The reference AE1200WH-1A is the classic black version of this particular Casio World Time model that is paired with a simple black rubber strap. While there have been numerous different colors and configurations produced over the years, including even a few versions with silver-painted cases that are fitted with stainless steel bracelets, the AE1200WH-1A is the most understated option, and it also represents the least expensive variation with an official retail price of $24.99 USD. It’s important to maintain perspective and remember that we are talking about a plastic digital watch. However, from a strictly functional standpoint, the Casio World Time AE1200WH-1A is an undeniable bargain within the world of horology, and it is also undeniably “affordable” by all definitions of the term, offering users 100 meters of water resistance, 10 years of battery life, and 31 different timezones — all for less than $25.
Simply put, the Casio World Time can’t be beat when it comes to flat-out practicality. It’s durable, highly capable, and its ultra-affordable price point means that it is guaranteed to not make you a target for local pickpockets and muggers during your travels. Although the included strap and its plastic buckle leave a bit to be desired, the watch itself features standard 18mm lugs, meaning that third-party strap options are readily available. Additionally, given its 10-year battery life, you can toss a Casio World Time on an inexpensive NATO strap and simply keep it packed away in your travel bag as a grab-and-go backup watch. Realistically speaking, the only problem with the Casio World Time AE1200WH-1A is that it just doesn’t offer the same horological intrigue as a traditional analog GMT watch powered by a mechanical movement. For those with an itch for a GMT watch that only a balance spring can scratch, we must look to the Seiko 5 GMT that we first mentioned at the very beginning of this article.
When it comes to the most famous Seiko case designs of all time, the one featured on the Seiko 5 GMT is easily on the shortlist of top options due to its prominent use on the discontinued range of SKX dive watches, along with the current Seiko 5 Sports lineup. Simply put, there is a reason why this specific case design holds such a special place in the hearts of collectors: it just works. While the variation fitted to the GMT model does not feature a screw-down crown and therefore has 100 meters of water resistance (instead of 200 meters), it does offer a display caseback, drilled lugs, and an overall wrist presence that is very similar to Seiko’s fan-favorite discontinued diver’s watch. Given its official retail price of $475 USD, you still aren’t getting a sapphire crystal above the dial, but the bezel now features an insert made from Hardlex mineral glass rather than aluminum, and the included Jubilee-style bracelet now offers a solid-link construction, which provides it with a significantly more substantial presence on the wrist.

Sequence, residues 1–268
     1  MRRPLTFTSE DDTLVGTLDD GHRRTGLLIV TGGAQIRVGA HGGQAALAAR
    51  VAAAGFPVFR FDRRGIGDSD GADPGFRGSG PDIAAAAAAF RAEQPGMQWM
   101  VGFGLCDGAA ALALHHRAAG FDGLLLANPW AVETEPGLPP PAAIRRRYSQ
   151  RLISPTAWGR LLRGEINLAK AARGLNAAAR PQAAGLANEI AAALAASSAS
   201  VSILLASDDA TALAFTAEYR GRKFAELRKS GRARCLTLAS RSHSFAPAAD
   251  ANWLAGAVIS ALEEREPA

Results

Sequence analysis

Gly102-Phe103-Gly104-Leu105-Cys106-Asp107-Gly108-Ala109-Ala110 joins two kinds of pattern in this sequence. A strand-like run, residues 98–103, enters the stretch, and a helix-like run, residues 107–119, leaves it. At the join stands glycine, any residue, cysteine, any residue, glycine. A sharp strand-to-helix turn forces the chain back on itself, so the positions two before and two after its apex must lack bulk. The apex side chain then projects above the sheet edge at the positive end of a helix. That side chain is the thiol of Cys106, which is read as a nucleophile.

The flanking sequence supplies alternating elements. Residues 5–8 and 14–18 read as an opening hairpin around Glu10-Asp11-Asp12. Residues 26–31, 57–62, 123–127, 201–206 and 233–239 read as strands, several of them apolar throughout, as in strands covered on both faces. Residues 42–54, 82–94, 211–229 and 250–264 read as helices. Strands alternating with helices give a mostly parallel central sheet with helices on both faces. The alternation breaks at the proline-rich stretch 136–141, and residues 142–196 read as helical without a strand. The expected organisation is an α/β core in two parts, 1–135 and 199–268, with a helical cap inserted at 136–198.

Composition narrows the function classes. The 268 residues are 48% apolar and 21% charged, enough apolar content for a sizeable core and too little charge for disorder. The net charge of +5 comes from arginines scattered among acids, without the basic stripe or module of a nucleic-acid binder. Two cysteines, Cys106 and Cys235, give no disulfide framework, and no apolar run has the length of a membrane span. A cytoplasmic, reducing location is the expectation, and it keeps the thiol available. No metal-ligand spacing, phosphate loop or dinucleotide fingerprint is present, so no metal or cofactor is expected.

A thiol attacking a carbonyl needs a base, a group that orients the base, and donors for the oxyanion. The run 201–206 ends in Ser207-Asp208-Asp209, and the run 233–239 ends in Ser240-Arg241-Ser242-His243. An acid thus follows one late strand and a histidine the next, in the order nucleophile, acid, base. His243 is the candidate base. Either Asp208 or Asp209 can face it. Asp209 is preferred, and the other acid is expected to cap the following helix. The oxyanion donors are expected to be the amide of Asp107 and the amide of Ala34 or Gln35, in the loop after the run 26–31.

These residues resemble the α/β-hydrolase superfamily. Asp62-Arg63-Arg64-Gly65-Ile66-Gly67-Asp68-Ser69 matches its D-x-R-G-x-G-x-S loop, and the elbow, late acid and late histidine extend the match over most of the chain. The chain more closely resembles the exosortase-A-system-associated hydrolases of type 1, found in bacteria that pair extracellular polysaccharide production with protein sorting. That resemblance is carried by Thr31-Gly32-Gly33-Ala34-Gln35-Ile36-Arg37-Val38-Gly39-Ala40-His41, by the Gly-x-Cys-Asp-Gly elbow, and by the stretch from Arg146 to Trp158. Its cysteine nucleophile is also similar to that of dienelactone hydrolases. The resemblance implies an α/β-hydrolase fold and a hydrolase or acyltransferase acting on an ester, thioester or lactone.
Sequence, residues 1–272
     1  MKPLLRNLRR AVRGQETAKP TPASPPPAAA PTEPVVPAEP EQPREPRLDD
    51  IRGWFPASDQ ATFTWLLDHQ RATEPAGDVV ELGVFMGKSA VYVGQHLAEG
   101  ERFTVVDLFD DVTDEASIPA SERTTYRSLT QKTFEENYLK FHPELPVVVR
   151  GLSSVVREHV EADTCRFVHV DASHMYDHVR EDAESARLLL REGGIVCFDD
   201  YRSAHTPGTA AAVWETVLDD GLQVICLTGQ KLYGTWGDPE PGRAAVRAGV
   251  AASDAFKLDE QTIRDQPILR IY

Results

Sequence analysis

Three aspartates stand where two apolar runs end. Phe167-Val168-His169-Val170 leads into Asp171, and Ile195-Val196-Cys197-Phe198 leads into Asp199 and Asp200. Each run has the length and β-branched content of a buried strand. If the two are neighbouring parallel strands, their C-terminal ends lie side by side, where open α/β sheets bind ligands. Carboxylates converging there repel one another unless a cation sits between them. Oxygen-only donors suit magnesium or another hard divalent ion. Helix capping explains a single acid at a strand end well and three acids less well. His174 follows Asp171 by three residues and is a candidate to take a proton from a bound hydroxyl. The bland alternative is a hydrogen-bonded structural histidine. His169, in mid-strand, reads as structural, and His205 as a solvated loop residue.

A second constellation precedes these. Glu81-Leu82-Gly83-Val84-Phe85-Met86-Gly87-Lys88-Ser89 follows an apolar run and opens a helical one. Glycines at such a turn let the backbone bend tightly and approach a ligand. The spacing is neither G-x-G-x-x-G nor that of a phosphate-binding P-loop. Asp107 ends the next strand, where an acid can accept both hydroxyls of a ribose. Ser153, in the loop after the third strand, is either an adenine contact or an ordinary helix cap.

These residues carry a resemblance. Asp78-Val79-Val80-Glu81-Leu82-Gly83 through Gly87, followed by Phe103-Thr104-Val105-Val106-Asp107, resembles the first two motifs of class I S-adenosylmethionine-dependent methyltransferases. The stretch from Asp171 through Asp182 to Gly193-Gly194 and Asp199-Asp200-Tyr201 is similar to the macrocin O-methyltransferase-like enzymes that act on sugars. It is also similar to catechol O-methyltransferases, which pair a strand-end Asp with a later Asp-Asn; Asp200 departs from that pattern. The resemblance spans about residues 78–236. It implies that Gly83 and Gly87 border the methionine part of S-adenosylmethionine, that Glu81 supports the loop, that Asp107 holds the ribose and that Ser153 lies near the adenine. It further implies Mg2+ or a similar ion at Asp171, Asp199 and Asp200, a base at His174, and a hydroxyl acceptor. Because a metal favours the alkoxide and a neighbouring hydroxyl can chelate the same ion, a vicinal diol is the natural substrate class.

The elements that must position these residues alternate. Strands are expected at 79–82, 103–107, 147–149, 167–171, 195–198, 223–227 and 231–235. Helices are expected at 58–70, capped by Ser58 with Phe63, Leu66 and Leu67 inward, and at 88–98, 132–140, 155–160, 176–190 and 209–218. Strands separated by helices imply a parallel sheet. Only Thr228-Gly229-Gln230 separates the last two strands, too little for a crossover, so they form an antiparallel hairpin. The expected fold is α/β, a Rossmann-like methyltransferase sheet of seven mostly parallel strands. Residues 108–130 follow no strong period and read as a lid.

Although the level of aesthetic finishing on the Seiko 5 Sports GMT certainly exceeds its budget-friendly price point, most people are interested in this particular model because it is the least expensive way to get your hands on a mechanical GMT watch with independently adjustable hour hands (at least from a major brand). The Caliber 4R34 movement powering the Seiko 5 GMT allows for independent adjustment of the 24-hour hand rather than a jumping local hour hand like what you will find on GMT watches from brands such as Rolex and Tudor, although a similar statement applies to many of the mechanical GMT movements available on the market right now. Additionally, while Seiko produces all of its own calibers in-house, the company also provides movements to countless different other watch brands, and things will really start to get interesting within the affordable mechanical GMT watch segment once the generic version of the Seiko 4R34 starts making its way into the hands of various microbrands.
Even still, with an official retail price of $475 and the possibility of additional savings available on the open market, it may end up being rather difficult for smaller independent brands to compete with Seiko within the bottom-dollar mechanical GMT segment. Considering that no independent brand even comes close to enjoying the same economies of scale with their production quantities, the Seiko 5 Sports GMT may end up representing the bottom-dollar price for a mechanical GMT watch from a big-name manufacturer. With that in mind, even if the price floor for mechanical GMT watches never gets too much lower than where it is right now, there will still be a wonderful option for a truly budget-friendly travel watch in the form of the Casio World Time series, and unlike an entry-level Seiko that costs more than the latest generation of smartwatch, the Casio AE1200WH-1A is a timepiece that is actually affordable.